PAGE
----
Impact at Work: Attracting Talent to Support Financial Education for California Youth
In the spirit of service this MLK Day, we had the exciting opportunity to interview Amiko Foster of Youth Finance Institute of America (YFIA), a California-based nonprofit that provides personal finance education programs designed to teach finance life skills to youth in disadvantaged areas.
Since launching their program in 2015, YFIA’s entirely volunteer-based staff has been able to serve over 1200 youth to date. To build up a strong infrastructure to support growth, YFIA has decided to maintain remote work offices and transition from a volunteer-based staff to paid staff with part-time and full-time positions. To support YFIA in attracting and retaining top-talent, Common Impact connected the organization with a team of senior HR leaders at JPMorgan Chase to develop a competitive benefits package.
Amiko shared why this project was so meaningful to her organization and what the long-term impact will be:
1. Can you share the mission of Youth Finance Institute of America and what it means to you personally?
Our mission is to educate youth in low-income areas about personal finance basics. Typically adults in the areas that we serve don’t have credit cards, checking accounts or even a relationship with a bank and our goal is to help them be financially independent. We know personal finance isn’t always the most entertaining thing to talk about so we make it fun by integrating different games and prizes to engage kids at all levels.
YFIA is close to my heart. I’ve been on both the corporate side and the nonprofit side. On the corporate side, I come from a financial services background and spent the last 20 years in the field. I’ve worked in both affluent and low-income communities and I was struck when an adult would tell me they don’t know how credit works. The question I’ve always wanted to solve is how to get this information to the people and communities that need it the most. On the nonprofit side, my parents started their own organization that they ran for 10 years. I grew up with a passion for social change along with an understanding of the challenges nonprofits face.
2. Why was creating a benefits package a high-priority for your organization?
It was incredibly overwhelming to have support from the JPMorgan Chase volunteers – especially for an organization of our size. We have two fantastic board members and incredible paid interns, but right now, it is just me running the day-to-day operations. The reality is, I need help managing our operations in order to grow and need benefits in place in order to facilitate that growth.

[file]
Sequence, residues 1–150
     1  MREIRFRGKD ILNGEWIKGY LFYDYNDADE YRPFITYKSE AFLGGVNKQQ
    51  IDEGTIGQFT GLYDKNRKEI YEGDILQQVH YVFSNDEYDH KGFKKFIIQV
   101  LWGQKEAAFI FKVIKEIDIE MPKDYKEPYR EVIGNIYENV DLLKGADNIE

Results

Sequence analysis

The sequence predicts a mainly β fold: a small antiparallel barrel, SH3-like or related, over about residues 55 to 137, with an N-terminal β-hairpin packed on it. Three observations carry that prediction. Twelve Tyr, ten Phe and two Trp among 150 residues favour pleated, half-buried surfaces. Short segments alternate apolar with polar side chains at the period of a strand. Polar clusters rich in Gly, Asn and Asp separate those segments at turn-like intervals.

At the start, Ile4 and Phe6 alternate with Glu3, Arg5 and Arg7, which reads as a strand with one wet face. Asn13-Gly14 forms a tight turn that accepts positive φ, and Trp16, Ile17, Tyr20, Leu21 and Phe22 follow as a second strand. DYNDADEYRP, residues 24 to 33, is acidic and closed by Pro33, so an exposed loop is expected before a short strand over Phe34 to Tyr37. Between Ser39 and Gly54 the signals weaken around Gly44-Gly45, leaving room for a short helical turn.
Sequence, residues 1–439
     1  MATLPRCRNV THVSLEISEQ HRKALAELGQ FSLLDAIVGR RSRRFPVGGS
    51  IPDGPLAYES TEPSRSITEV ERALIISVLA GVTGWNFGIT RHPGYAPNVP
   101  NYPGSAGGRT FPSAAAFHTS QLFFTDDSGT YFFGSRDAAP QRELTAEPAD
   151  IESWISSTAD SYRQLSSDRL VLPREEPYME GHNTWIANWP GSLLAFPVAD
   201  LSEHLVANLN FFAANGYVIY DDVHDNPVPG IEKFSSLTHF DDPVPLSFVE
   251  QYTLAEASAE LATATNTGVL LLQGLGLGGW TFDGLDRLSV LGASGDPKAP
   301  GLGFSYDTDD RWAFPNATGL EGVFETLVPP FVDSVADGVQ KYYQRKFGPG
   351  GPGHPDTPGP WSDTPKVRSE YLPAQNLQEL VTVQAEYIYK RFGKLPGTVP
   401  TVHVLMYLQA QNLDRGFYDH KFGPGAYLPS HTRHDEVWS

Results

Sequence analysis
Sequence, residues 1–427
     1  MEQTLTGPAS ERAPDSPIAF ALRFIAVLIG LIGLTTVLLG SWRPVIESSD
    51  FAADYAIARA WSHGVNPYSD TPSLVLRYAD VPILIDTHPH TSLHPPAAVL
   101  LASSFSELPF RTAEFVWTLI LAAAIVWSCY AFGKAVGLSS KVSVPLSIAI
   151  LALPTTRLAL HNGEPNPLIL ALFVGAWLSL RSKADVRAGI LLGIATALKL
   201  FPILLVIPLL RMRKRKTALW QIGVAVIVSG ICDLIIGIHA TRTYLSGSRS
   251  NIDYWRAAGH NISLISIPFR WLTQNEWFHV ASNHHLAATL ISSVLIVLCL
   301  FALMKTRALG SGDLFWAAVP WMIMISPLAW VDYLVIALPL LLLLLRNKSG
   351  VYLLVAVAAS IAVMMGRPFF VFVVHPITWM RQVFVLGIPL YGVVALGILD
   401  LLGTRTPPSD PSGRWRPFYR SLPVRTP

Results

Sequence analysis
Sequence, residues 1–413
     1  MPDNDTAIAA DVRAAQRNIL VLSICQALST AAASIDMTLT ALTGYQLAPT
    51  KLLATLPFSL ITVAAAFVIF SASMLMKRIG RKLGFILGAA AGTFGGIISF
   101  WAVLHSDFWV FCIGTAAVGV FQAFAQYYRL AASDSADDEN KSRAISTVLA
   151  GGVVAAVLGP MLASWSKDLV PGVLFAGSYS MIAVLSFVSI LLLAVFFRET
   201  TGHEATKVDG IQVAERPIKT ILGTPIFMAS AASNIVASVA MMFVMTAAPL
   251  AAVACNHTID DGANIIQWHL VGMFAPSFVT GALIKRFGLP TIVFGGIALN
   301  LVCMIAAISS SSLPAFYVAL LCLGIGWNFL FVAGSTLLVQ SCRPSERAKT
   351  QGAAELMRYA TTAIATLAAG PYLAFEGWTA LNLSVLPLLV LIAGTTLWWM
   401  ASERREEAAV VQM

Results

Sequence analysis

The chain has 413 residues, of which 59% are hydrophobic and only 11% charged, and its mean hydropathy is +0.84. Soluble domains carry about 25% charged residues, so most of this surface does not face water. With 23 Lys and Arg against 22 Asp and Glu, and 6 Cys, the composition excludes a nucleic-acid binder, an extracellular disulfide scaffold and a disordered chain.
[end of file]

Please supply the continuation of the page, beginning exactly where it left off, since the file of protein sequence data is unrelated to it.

The JPMorgan Chase team was so organized and invested in the process and our mission. Our team didn’t have experience with HR, but knew that we had to have benefits in place for future employees. The volunteers were incredibly supportive throughout the whole engagement. They helped me break out of my comfort zone and introduced concepts that weren’t even on my radar like in-kind gym memberships, shared workspaces, and bringing pets to work. They are all things that don’t cost much, but completely change the game. It allowed us to change our mindset to what is possible instead of saying we are too small to do this.
3. How has the deliverable from your project with JP Morgan Chase volunteers affected your staff growth plan?
Last year we helped over 800 students and now, we need a Program Manager to help us reach even more kids in 2019. This project is going to be the cornerstone for our hiring. The team went above and beyond by providing us an estimate of how much it will cost to onboard this new staff member and now I feel confident approaching funders. It is because of this project that I have a clear understanding of what I need and that is very powerful.
4. How will this project ultimately help your organization fulfill its mission?
Our goal is to help young people learn about personal finance. In order to do that, getting the right people in place is key to making the system work effectively. Having benefits in place will also allow us to be a competitive employer in the future.
California has no requirements for financial literacy curriculum. Right now, we want to focus on scaling what we do best – our financial education workshops – to fill that gap and make it a staple for our students.